There’s a prewar (New Yorker?) cartoon where the driver says “The gearshift seems to be broken.” The passenger says “Jack, that’s my knee.”

We were a 4-driver, 1-car family when I was a teen, and my dad finally bought a Chevy with three on the tree so my brother and I would have a chance to drive on occasion. We didn’t have it for long, but long enough that I can say I’ve driven one! He replaced it with a Maverick that my sister eventually totalled…

The car I learned to drive on! A 1968 Mazda 1500. It was 15+ years old when I first got behind the wheel.

I’ve forgotten how it worked but I do remember it was a pain. When I switched to a 1979 Toyota Corolla (the “new car” in our family!) it was so much easier with the four speed stick shift on the floor.

This being Pakistan, you did the shifting with left hand. I’m painfully right handed. Wiggling the long skinny shifter on the steering column was annoying as hell.

Drove one quite a in the mid-80s when I was stationed in Woomera, South Australia. It was one of our squadron vehicles. Never drove one until then. I usually drove my 5-speed Honda CRX that I shipped over when I transferred over there. I had a two-minute course on driving a column shift.

Then when I got back and stationed in South Carolina, they had a column-shifter vehicle also.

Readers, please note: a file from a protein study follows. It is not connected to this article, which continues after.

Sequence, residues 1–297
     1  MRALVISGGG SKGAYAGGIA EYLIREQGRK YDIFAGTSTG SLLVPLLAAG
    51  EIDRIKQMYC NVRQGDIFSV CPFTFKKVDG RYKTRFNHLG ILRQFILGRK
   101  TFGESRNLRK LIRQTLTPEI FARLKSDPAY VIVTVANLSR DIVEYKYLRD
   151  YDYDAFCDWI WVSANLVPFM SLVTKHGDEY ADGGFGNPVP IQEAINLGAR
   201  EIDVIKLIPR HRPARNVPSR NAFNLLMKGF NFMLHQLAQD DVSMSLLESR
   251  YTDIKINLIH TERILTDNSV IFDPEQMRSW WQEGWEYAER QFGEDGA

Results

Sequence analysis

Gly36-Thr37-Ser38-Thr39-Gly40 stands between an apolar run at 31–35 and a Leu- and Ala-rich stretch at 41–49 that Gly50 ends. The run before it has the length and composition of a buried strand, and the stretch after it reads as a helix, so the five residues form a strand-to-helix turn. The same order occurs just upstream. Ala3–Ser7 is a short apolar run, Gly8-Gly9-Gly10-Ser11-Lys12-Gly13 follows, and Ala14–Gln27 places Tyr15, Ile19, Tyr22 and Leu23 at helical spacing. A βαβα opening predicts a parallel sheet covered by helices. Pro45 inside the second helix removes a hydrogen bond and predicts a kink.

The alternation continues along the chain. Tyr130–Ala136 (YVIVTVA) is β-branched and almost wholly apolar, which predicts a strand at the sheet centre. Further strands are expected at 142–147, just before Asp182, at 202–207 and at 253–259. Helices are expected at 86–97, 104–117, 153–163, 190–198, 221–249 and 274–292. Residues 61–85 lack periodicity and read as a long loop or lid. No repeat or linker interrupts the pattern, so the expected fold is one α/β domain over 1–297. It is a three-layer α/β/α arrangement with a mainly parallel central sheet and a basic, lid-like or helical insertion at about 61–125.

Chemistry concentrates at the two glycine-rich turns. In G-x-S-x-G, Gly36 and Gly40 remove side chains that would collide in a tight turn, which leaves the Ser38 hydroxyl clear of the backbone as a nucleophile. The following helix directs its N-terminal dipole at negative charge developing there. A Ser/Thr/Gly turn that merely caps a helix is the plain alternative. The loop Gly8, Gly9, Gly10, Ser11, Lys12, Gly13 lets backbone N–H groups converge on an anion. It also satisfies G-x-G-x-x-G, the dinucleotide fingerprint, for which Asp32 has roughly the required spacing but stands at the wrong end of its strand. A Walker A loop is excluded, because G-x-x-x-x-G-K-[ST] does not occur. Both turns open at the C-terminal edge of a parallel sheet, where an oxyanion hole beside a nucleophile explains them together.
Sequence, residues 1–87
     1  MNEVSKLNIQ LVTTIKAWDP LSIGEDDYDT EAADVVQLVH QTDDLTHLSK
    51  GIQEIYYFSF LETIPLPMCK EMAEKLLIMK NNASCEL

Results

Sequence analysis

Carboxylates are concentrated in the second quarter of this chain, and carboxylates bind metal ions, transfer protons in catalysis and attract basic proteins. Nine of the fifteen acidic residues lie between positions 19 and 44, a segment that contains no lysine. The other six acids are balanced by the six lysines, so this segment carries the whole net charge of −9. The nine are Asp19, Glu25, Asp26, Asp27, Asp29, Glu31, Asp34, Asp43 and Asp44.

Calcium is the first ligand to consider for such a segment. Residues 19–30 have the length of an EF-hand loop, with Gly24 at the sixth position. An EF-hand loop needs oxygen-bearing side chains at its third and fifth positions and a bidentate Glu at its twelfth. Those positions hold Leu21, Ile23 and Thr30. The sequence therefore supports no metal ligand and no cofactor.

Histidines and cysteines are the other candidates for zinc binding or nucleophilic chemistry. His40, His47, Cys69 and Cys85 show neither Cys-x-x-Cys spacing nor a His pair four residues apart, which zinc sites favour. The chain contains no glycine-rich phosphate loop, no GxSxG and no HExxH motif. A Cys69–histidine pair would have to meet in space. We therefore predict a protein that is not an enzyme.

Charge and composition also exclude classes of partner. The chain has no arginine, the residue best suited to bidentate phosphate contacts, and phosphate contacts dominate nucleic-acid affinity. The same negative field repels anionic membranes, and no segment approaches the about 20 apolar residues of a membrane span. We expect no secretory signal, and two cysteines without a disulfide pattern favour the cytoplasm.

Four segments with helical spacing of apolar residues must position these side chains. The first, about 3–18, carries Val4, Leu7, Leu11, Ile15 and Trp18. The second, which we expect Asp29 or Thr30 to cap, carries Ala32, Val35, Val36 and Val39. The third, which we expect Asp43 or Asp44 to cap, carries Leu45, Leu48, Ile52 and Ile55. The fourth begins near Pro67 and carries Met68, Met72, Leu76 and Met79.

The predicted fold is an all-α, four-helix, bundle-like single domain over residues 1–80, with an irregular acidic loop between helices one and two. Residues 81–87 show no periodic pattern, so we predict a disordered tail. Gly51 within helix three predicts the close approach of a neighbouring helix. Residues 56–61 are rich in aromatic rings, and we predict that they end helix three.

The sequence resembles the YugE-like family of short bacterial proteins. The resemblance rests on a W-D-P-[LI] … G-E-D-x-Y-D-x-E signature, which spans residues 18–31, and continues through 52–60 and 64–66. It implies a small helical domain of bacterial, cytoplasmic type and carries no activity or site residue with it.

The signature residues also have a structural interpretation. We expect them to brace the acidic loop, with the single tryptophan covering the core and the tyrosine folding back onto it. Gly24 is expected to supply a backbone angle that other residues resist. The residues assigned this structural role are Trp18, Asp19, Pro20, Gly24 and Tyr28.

Yes. An early 60s Ford Falcon. It wasn’t mine, but it was owned by my grandmother and I drove it fairly often. By the time I was old enough to drive (late 70s) she didn’t drive anymore, but still owned the car, and the family often designated me to shuttle her around to family gatherings and other events.

It was kind of a pain, because I’d have to take public transportation to her house, where the car lived, drive her to whatever the destination of the day was, then drive her back, leave the car there, and take public transportation home.

But driving that car, with that gearshift, seemed normal and unremarkable to me. It might have been first car I drove, not sure. But manuals were the norm for me – around that time, I bought a '68 VW Beetle, drove that for a few years. I currently drive a VW Passat with a manual transmission.

2 of my old cars are 3 on the tree so yes, I have. Several times a year.

My wife is not good with manual transmissions whether it is 3 on the tree or 4/5 on the floor despite numerous training sessions so I bought an old car just for her that has an automatic.

I did have the experience of driving a 4 on the tree (it was a SAAB?) and that was interesting.